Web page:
Take a look at your favourite brand’s Facebook page. It’s pretty mature, isn’t it? It’s well managed, it’s active, those guys really know what they’re doing. And it’s not just Facebook – look at the way businesses use Twitter, Google Plus, Pinterest and a million other tools. Social has definitely come of age.
And then step back and put all this into context. It might seem like we’ve reached an end-point, like we’ve gone as far as we possibly can but, in truth, we’ve only just begun to scratch the surface of social’s potential. How do we know that? Because it’s happened before – with the birth of e-commerce.
Back in the early to mid ’90s, the only corporates who saw a business use for the web were the marketing guys. Excited by this dynamic new platform, they were the ones who established websites for their brands. But the new tech didn’t automatically deliver a new way of thinking and, consequently, these websites were little more than online versions of the print brochures and corporate resources they were already producing, coupled with some touchy-feely fun for the customers.
Meanwhile, pioneers like Pegasus (who set up the world’s first online travel agency, and now power giants like Ebookers, Orbitz, Lastminute and Hotwire), eBay and Amazon had identified an infinitely greater potential for the web – the ability to sell direct to customers, any time day or night, anywhere in the world, disintermediating traditional retail, shaving overheads to a bare minimum, reinventing shopping forever. These pioneers invented a whole new channel – e-commerce – and the reward for their innovation was 20+ years of dominance. Brands and traditional retailers are still paying the price for their tardiness back in the ’90s, and you only have to look at what’s recently happened to the likes of HMV and Jessops to see how costly that price has been.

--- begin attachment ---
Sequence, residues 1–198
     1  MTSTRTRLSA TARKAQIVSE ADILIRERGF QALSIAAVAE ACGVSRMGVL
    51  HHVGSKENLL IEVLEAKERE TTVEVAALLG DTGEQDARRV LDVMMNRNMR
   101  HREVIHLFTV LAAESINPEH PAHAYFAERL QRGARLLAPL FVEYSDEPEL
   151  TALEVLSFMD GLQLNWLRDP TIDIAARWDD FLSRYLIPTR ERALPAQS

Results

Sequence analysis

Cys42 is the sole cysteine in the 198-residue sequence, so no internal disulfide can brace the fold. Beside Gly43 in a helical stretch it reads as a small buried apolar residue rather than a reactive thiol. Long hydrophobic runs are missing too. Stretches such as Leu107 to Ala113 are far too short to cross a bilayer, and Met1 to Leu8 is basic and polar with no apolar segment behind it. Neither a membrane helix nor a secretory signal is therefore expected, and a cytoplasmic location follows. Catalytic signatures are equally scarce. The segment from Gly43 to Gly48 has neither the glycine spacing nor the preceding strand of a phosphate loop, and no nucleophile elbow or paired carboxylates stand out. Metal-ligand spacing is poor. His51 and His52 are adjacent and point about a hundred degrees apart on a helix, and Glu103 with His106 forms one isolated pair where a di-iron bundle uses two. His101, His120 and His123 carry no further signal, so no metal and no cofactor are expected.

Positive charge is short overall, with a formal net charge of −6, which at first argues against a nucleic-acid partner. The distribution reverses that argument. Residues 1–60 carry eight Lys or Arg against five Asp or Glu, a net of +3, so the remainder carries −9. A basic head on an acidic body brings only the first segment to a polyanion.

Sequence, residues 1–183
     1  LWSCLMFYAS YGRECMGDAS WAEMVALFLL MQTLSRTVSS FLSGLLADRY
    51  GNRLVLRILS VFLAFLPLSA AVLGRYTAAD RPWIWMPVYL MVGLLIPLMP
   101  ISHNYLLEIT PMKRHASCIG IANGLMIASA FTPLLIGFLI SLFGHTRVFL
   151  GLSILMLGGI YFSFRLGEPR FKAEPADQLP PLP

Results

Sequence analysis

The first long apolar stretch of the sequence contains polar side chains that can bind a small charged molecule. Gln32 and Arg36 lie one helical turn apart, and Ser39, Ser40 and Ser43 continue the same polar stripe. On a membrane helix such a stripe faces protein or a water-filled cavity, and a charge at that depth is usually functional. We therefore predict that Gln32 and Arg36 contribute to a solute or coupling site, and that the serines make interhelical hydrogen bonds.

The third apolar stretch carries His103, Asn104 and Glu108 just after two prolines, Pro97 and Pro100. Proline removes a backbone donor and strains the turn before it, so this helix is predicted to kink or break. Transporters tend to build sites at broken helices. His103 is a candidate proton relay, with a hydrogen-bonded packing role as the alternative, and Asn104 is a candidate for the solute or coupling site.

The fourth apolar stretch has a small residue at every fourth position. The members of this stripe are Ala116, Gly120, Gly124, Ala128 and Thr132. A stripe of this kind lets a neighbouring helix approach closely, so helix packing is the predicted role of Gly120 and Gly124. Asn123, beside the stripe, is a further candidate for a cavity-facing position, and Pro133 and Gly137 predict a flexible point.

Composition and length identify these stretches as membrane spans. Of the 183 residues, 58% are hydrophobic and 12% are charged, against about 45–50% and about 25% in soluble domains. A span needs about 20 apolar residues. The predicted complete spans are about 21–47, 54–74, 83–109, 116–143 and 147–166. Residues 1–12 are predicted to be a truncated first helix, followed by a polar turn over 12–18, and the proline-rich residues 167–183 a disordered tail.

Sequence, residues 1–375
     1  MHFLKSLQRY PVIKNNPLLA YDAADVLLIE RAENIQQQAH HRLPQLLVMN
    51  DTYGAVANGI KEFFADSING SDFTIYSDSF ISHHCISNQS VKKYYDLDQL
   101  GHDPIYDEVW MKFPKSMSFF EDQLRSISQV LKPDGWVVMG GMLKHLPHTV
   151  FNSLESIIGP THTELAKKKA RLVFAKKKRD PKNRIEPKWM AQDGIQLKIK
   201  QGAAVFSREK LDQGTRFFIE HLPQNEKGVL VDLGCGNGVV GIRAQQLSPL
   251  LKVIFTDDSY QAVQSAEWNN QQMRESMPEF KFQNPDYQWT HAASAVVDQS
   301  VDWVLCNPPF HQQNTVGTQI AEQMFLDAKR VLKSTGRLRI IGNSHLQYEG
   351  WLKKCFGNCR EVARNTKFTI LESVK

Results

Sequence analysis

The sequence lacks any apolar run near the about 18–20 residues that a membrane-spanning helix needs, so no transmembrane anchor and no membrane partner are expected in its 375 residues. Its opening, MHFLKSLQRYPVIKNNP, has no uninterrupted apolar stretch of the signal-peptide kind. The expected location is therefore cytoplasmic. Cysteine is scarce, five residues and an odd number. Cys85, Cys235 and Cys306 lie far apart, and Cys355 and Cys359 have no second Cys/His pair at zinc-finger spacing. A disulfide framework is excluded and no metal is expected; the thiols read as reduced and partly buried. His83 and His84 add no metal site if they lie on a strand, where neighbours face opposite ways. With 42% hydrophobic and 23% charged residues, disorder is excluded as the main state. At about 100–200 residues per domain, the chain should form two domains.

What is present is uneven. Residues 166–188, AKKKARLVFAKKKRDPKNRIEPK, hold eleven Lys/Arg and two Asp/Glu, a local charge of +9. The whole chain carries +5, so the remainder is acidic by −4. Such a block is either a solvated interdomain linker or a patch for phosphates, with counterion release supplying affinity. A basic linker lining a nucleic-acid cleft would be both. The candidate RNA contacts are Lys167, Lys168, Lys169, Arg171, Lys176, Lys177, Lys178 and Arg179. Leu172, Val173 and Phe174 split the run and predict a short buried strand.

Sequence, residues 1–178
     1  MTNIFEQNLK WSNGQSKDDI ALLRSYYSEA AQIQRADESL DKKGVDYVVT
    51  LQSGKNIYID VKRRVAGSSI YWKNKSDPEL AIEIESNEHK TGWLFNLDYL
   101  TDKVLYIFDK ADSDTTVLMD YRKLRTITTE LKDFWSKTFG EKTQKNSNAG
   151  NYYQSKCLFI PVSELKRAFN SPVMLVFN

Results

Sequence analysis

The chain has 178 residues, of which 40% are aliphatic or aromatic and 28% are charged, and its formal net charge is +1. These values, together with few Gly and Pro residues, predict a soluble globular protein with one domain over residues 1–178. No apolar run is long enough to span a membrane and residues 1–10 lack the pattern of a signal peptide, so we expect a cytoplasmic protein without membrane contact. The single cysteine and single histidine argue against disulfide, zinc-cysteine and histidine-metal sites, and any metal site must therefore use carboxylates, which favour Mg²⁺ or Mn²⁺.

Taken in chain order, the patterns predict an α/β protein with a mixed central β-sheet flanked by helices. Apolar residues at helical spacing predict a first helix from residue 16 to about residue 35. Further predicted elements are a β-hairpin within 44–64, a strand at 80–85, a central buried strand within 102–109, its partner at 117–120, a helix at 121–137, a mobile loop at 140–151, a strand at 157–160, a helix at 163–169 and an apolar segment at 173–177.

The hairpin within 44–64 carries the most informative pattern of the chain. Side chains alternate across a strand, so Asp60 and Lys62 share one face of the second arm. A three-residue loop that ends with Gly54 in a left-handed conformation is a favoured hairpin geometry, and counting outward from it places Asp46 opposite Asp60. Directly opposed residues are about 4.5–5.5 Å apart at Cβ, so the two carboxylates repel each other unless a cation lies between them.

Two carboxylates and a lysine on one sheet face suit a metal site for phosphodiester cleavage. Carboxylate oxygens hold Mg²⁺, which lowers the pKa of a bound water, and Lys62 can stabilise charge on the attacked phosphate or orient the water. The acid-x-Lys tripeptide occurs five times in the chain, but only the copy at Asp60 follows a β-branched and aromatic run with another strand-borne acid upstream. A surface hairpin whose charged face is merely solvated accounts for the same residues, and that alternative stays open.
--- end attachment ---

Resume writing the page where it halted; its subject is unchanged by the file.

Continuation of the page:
The same thing will emphatically happen with social. We’re still in the mid ’90s when it comes to how brands interact with their customers via social. It’s a toe in the water – something for marketers to play with. Just like the brochure sites of old, corporate social outposts collate information for their customers, they engage them with fun distractions (competitions, polls, Pinterest boards, pictures of fluffy kittens to share), they stick a flag in the sand for their brands.
But the future will only arrive when social expands beyond the social media we’re playing with now, or even the social media marketing people assume is cutting edge. The inevitable, essential future is Social Commerce – shopping where we socialise, buying things with our friends, accessing offers and exclusives via viral networks, influencing the price and nature of products with our collective, social voice.
The question, though, is whether brands and retailers will make the same fatal mistake they made 20 years ago and allow someone else to corner the market before they can get so much as a foot in the door. There’s still time to act, but the next six months are going to be fascinating to watch.